Vivid, the festival of light is back on again.
It’s winter in Sydney so it’s a bit chilly out on the Harbour but that’s the best way to see the show.
We caught one of the cruise boats from Darling Harbour sailing past Barangaroo Point, Circular Quay, Sydney Opera House and the Royal Botanic Gardens to catch the large-scale light projections.
The sails of the Sydney Opera House create a canvas for a range of animated Australian Indigenous paintings of snakes and goannas that slither across the building.
At Customs House a blue tongue lizard winds its way across the facade through landscapes inhabited by witches, wizards, gnomes, snakes and cockatoos.
The Sydney Harbour Bridge is bathed in blue, red and rainbow colours.
I took the photos on my iPhone and they don’t do it justice. This is one event that you really have to be there to experience the inspiration and appreciate the creativity.
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The holidays are over and it’s back to work dreaming, plotting and planning and writing.
He was there one minute and then he was gone. I knew it would come to this sooner or later. Larry has run away from home.
He was sitting on the bench and the moment I turned my back, like a lizard he slithered over the balcony and ran off down the street.
There he is down there.
I followed him to the bus stop and the poor bugger thought he was catching a bus to Miranda Fair Shopping Centre but unfortunately this route will take him to the Flemington Markets and that’s not going to be much chop for a poor old lettuce.
We sat together for a while but didn’t say much . He was so unhappy. I promised to take him seriously and I let him know I was worried.
I asked what was upsetting him. Apparently he feels he’s being bullied by some of the other foods in the kitchen. The other day the Bacon asked the Tomato
“What is a Honeymoon Salad?”
“I don’t know” replied the Tomato
“Lettuce alone, with no dressing!” said the Bacon and they both started laughing and Larry found this really hurtful.
I walked him back to the unit and with the tomato and the Bacon present we all had a discussion. They didn’t realize that they were being cruel. Eventually there were smiles all around and Larry even had a few jokes of his own.
“Why did the tomato go out with a prune?” He asked
“Because he couldn’t find a date!” was his answer.
We all politely laughed. But his best was this one.
A man goes to the Doctor with a piece of lettuce hanging out of his ear. “That looks nasty,” says the doctor. “Nasty?” replies the man, “this is just the tip of the iceberg!”
I think that following our little happiness session things are better in the kitchen. We have found our flow and Larry is content to sit in the sun out on the balcony.
Hundreds of visitors ambled through the tranquil beauty of the country gardens of Crookwell this weekend, Saturday 10th and Sunday 11th October.
Having access to the gardens was one thing but to be able to engage with the owners and creators was an added enrichment. There were eleven gardens open for inspection.
My friends, Jan Pont and Marg Anderson, owners of ‘Casa della Pace’ opened their garden and it was a joy to explore their creation.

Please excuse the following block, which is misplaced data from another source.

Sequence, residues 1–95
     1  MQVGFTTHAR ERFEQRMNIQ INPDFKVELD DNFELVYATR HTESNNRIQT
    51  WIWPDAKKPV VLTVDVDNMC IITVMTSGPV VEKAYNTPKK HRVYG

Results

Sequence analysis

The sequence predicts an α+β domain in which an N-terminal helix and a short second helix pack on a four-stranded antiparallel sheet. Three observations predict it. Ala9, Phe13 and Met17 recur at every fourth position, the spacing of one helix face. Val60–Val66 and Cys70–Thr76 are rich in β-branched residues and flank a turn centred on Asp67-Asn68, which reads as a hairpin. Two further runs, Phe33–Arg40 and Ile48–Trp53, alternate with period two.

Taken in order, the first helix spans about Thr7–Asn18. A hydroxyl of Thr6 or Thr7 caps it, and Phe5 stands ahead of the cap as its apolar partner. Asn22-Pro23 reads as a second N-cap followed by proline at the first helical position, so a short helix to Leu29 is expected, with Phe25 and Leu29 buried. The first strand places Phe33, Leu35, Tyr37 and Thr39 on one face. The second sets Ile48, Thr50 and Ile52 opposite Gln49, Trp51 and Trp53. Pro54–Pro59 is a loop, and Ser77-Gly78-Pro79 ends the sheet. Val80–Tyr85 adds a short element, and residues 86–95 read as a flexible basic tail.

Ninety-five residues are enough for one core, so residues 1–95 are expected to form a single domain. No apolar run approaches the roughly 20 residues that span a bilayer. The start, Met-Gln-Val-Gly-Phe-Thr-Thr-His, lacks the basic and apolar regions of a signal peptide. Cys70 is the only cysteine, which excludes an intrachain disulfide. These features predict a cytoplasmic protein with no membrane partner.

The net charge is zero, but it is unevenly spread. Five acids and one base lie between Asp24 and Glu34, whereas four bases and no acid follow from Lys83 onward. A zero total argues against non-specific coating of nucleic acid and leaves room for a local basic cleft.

An entrance gate leads from a stone-walled courtyard to the landscaped gardens. A burst of colour greets you as the bulbs and perennials vie for your attention.
The next display to catch my attention was this stunningly breathtaking carpet of colour complete with the most exquisite whimsical ornamental bird.
Perennials are scattered about the garden adding splashes of colour.
The path takes you through the orchard and beneath the wisteria walk.
The locally sourced red basalt stone walls and path borders are a unique feature.
There is also an elegant garden room where you can relax.
The oval-shaped lawn at the lower level is surrounded by salvias, roses, valerian and native plants, providing colour, fragrance and nectar for the many birds that visit the garden.
Accommodation is available at ‘Casa della Pace’
This is the front cover of the 2016 Grey-headed flying-fox calendar. It’s spectacular, in fact the calendar is full of stunning images.
The photo is by Ofer Levy taken in Parramatta Park and is one of the best shots of the Bat in flight.
We are raising funds to aid with the research of Australasian Bats. If you would like to help the cause click over to Pipeline Calendars. ($5 from every sale goes to the research effort.)
Ofer Levy working. Picture: Cameron Richardson
Photo by Ofer Levy
To drink, flying-foxes swoop down and dip their belly in the water. They then fly back to a tree and lick the water from their belly fur. I’m just excited and fascinated by the diversity of Australian wildlife.
We know they’re not really foxes but apparently when first discovered by Europeans it was thought their faces looked like the face of a fox and this is confusing because they are no relation to foxes at all.
We at Pipeline Calendars are pleased to have the opportunity to help raise funds for the research and conservation of Australasian bats. We decided to give a helping hand by producing a calendar which traces the year in the life of a Grey-headed flying-fox. It’s full of great information, fantastic photographs, a giant poster and fun things for the kids to do.
If you would like to help our cause click on over to the Pipeline web site and buy your copy of the 2016 Grey-headed flying-fox calendar. $5 from every sale goes to research.
A few of the things we learnt about flying foxes.
- they are not foxes.
- a bat is a flying mammal, not a bird.
- they do not use sound, or, echolocation to find their way around.
- they have excellent eyesight like ours in daylight they see better than we do at night.
- they do not suck blood.